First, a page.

“At age ten we start the child in formal math with a 6th grade math textbook. I give the child two math grids, and they are allowed to use them when doing their math lessons.”
At age eleven I take away the addition/subtraction grid. The child should have the addition/subtraction facts memorized by then. If I think that he doesn’t have them memorized then we would drill on them till he does have them memorized. At age twelve I take away the multiplication/division grid.”
Louis P. Benezet’s study…as told in Free-Range Learning
In 1929 Louis P. Benezet, the Superintendent of Manchester, New Hampshire schools, tried an experiment within his system. He trialed having some of his classes wait until seventh grade to introduce formal math study. Before that time he encouraged naturally occurring math learning in the classroom, but had teachers make reading, writing, and reasoning the focus in the early years.
“I feel that it is all nonsense to take eight years to get children through the ordinary arithmetic assignment of the elementary schools. What possible need has a ten-year-old child for knowledge of long division? The whole subject of arithmetic could be postponed until the seventh year of school, and it could be mastered in two years’ study by any normal child.”
“Due to pressure from some school principals, children were started on a math book in the second half of sixth grade. All sixth-grade children were tested. By spring of that year, all the classes tested equally. In other words, those children exposed to traditional math curricula for part of the sixth-grade year had mastered the same skills as those who had spent years on drills, times tables, and exams.”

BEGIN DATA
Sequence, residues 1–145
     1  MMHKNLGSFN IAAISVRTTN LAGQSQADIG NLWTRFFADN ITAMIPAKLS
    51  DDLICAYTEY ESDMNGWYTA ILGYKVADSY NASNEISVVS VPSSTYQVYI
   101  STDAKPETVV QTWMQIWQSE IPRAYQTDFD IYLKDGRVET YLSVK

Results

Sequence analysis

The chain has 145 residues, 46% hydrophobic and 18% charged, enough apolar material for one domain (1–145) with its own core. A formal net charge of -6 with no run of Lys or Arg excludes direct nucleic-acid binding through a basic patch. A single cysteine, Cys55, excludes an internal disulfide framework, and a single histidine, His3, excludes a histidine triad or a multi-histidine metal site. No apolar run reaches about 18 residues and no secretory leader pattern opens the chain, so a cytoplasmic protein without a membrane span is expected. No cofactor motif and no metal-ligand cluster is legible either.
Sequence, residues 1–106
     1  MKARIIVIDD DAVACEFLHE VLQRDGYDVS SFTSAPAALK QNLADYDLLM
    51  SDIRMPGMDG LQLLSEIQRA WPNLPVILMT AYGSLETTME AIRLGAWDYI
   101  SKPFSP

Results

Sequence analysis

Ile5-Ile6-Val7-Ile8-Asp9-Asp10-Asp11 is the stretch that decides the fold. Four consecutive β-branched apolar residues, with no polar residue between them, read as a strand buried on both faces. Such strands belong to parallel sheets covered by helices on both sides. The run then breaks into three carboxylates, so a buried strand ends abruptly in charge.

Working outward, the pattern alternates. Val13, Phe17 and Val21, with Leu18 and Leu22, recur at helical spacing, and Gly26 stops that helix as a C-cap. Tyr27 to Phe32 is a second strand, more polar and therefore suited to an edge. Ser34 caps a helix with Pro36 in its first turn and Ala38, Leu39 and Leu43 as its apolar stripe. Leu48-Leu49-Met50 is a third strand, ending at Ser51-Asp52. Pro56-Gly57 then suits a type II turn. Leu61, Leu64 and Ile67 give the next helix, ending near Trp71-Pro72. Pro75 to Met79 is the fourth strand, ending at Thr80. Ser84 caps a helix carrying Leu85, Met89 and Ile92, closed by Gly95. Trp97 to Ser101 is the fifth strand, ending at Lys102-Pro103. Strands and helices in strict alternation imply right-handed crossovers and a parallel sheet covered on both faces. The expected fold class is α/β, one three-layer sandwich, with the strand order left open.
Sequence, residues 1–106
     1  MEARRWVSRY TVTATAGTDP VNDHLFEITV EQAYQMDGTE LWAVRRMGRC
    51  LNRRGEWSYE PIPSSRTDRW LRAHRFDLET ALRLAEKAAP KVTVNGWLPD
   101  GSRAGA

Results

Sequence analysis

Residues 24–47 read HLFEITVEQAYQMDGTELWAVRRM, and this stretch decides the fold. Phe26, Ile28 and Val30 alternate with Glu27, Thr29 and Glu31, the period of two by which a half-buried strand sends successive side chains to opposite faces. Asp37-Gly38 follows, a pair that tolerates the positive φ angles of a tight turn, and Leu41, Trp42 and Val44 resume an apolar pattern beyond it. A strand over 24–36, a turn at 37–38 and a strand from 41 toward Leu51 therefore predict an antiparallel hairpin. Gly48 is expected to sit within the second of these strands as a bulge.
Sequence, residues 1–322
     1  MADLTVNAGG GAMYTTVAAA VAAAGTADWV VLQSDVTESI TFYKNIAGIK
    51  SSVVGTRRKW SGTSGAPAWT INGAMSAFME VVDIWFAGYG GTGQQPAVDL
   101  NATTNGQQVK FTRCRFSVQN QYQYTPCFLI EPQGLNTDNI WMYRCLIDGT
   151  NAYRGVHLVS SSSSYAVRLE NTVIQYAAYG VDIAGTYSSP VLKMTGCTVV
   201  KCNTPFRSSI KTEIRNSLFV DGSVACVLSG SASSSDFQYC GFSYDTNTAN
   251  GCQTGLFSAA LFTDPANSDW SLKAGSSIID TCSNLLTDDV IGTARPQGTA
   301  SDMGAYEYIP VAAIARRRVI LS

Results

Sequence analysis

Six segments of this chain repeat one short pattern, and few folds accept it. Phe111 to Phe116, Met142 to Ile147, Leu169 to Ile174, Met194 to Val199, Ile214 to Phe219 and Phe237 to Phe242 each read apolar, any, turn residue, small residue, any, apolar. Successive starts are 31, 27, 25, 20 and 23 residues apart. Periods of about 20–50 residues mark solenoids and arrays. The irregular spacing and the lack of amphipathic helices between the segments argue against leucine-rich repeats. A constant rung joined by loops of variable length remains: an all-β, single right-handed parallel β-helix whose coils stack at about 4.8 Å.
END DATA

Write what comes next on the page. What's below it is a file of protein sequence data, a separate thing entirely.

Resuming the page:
What we do in our family
In some ways it’s difficult to explain exactly what we do in our family–because it is, has been, and no doubt will continue to be completely different for each child. There’s no formula, but we have followed the advice mentioned above about waiting to introduce formal math.
This decision comes from our deep belief in the importance of our young children having a full and thorough Core Phase, which does not include a focus on early academics.
Two of my three children are now in the second phase of learning, Love of Learning, and recently math emphasis has crept into our lives more regularly. But it is still highly individualized and based on each child’s needs and strengths.
I have one who is naturally gifted with numbers, who has “played” with them over the years and by doing so has picked up quite a lot. I have two children who learn very differently to the traditional classroom style and who appear to have their geniuses (at this stage) in other areas. Of course this doesn’t mean that math won’t be a part of their lives, but it means that I introduce concepts when I believe maturity and readiness are present–so I can set them up for success.
If you decide to get out of the box when it comes to math, what can you do in the early years to prepare and play with numbers instead? I’m glad you asked!
Come back next week for a list of specific resources so you can create your own math playground.
“Mathematics should be taught as art for art’s sake. These mundane “useful” aspects would follow naturally as a trivial by product. Beethoven could easily write an advertising jingle, but his motivation for learning music was to create something beautiful.”
~ Paul Lockhart
Are there any helpful or surprising aha moments you have when reading any of the above articles? Do you find yourself feeling excited, skeptical, scared, or some other emotion while reading?